The most important people in your company probably are at the bottom of the pay scale and get little or no formal training. They are the company’s telephone operators.
Consider this: They are your front line—the initial contact for many of your customers, suppliers and clients. They present the image of your organization. When they answer a call, it could be with a smile or a frown; when they transfer a call, it could be to the right person or the wrong person; and when they answer a question about your company or its services, it could be either correct or misleading.
Reexamine the job description for that post. Consider whether operators should be knowledgeable about your business and its products or services and sufficiently mature emotionally to handle people who call with problems or complaints.
First step: Don’t think of them as entry-level employees—and pay them accordingly. In addition, train them thoroughly and be sure they get regular updates on company policy and products.
A Pox on Employee-of-the-Month Programs
It’s time to re-evaluate those time-honored employee-of-the-month programs.
While they may look good on paper, singling out an employee for public recognition often causes enmity within the staff. Winners may be viewed as “teacher’s pets.” Some workers dismiss the program as merely a popularity contest and not a measure of a person’s true professional performance.
So while the boss sees the award as a valuable way to recognize and reward exceptional work, many on the staff see it negatively.
One way it can work: If you have two departments in your organization that work closely, invite the members of one department to pick an employee-of-the-month from the other team. It gets management out of the voting process while building a mutually supportive atmosphere between the two departments.
Self-Insure Health Benefits?
If your corporate health benefit costs are skyrocketing—and whose aren’t these days?—maybe it’s time to investigate self-insurance using a third-party administrator. While such an arrangement generally won’t work for very small companies, it can be cost-effective for organizations with as few as 100 employees. In addition, be sure to check out the advantages of adding a network arrangement in which you link with an HMO’s doctors but not its insurance coverage.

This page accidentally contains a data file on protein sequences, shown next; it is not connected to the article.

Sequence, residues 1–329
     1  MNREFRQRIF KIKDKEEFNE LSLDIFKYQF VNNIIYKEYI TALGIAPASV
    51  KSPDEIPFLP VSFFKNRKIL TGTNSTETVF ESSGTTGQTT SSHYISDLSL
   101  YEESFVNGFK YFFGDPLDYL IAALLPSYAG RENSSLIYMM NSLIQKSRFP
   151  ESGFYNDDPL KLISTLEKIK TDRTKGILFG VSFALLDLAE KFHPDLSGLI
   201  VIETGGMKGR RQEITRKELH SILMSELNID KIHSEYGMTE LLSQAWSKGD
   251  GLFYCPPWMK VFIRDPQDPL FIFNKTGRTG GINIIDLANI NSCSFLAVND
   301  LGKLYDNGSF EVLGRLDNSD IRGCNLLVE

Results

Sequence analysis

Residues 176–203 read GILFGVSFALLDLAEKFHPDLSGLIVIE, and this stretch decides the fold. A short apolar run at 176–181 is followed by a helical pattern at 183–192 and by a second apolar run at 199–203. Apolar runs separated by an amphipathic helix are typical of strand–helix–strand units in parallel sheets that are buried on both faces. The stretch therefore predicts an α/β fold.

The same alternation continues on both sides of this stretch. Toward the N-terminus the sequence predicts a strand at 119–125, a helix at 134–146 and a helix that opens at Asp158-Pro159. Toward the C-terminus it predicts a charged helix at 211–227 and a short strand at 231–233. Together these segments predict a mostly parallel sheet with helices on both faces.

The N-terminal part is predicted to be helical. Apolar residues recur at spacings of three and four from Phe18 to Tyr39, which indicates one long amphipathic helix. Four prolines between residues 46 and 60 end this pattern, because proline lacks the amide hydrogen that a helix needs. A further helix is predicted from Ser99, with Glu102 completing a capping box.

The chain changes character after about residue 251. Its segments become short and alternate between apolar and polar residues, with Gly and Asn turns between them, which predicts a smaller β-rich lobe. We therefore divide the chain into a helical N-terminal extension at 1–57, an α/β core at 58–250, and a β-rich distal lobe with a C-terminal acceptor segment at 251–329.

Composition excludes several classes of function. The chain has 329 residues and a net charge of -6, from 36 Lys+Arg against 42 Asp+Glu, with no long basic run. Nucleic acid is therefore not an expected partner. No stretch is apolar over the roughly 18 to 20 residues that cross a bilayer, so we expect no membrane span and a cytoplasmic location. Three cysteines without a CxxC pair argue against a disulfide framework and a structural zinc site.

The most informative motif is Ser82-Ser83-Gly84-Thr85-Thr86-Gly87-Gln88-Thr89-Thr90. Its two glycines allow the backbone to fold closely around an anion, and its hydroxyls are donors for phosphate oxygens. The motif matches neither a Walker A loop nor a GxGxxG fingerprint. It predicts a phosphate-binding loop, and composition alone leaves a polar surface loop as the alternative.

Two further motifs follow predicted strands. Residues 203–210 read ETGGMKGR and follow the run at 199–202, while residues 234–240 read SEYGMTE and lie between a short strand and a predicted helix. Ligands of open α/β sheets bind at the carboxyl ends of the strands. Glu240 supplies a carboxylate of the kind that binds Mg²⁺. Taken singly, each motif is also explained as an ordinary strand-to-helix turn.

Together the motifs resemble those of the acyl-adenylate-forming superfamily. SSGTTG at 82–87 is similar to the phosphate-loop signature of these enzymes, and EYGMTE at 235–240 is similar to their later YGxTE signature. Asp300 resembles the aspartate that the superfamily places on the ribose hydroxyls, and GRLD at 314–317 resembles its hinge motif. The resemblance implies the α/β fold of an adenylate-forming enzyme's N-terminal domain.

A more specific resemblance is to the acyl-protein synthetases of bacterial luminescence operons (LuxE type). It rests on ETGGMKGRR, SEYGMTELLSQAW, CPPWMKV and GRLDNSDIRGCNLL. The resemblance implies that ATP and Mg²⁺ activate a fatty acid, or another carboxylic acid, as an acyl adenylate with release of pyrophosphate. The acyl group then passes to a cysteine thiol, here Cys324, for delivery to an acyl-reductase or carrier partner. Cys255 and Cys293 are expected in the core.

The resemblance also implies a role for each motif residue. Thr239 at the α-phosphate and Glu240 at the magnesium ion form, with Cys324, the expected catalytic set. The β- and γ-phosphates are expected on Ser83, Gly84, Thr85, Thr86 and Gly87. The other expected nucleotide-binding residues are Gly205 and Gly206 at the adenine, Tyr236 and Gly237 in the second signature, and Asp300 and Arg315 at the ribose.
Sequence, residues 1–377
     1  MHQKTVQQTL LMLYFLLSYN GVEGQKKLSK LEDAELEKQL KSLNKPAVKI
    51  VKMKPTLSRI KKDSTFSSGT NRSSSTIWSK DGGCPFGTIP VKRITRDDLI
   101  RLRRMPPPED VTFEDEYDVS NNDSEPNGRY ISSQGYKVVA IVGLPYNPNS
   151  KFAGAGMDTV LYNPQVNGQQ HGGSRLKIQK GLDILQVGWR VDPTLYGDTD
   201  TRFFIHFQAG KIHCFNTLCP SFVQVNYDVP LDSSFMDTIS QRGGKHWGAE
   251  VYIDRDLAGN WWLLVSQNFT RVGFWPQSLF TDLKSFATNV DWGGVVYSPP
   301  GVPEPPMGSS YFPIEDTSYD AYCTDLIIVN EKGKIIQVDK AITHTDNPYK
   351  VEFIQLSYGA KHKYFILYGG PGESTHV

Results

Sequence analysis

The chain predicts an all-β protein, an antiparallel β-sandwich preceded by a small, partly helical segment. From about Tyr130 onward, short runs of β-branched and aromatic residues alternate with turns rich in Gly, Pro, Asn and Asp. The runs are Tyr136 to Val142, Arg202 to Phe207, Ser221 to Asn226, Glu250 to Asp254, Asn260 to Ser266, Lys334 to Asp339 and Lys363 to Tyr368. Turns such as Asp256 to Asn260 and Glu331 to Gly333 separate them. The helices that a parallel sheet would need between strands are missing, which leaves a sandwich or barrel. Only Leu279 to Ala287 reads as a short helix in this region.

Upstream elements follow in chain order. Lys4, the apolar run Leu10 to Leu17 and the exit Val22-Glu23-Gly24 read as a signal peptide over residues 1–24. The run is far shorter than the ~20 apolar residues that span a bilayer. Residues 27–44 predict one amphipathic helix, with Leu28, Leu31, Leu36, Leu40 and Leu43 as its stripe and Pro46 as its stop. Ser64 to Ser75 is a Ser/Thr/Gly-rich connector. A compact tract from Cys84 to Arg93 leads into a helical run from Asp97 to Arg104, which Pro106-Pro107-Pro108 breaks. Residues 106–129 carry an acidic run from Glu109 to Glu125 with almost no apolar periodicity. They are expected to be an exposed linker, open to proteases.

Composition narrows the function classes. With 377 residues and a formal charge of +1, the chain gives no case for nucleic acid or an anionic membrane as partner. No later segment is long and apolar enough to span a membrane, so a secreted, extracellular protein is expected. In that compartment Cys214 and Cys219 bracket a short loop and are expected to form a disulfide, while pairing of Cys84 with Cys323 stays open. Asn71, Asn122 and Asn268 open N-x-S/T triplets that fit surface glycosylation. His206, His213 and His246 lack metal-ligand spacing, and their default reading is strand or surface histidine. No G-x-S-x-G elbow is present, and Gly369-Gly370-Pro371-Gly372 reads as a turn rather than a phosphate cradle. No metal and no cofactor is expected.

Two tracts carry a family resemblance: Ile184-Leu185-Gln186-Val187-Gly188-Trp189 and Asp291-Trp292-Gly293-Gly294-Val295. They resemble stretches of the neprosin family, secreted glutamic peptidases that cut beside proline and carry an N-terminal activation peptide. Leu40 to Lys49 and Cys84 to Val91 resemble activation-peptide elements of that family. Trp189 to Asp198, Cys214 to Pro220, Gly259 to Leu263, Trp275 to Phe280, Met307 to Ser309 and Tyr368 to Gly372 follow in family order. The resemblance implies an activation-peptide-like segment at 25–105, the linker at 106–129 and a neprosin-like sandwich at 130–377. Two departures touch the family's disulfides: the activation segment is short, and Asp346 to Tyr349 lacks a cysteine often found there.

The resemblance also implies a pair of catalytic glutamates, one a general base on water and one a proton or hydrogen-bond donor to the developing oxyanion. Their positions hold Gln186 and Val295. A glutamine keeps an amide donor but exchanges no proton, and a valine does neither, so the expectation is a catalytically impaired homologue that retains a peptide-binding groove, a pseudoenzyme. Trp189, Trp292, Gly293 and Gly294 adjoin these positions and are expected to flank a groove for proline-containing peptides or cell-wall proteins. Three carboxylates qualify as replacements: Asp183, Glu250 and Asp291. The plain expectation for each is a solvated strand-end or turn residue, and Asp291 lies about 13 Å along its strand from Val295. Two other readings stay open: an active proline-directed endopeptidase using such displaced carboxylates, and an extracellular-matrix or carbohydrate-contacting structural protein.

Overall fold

A must for all self-insurers: a stop-loss insurance provider as umbrella coverage.
Let Suppliers Be Your Warehouse
Have you ever calculated the cost of storing your inventory? If your business is like most businesses, those costs make a considerable dent in the bottom line.
Here’s an idea that could save your enterprise a considerable sum: Seek to negotiate an arrangement with your suppliers in which they, rather than you, store your inventory. Naturally, they’ll want a quid pro quo for such an arrangement—after all, it’s going to cost them something. You might offer to place a longer contract with them, buying, say, a full year in advance. However, you won’t have to pay for the material until it’s actually delivered. By ordering so far ahead, you may even negotiate a lower price.
|An Invitation |
The JofA publishes a monthly collection of Golden Business Ideas and invites readers to contribute their favorites (for attribution, if you like).
Send your ideas to Senior Editor Stanley Zarowin via either e-mail (firstname.lastname@example.org ) or regular mail at the Journal of Accountancy, Harborside Financial Center, 201 Plaza Three, Jersey City, NJ 07311-3881.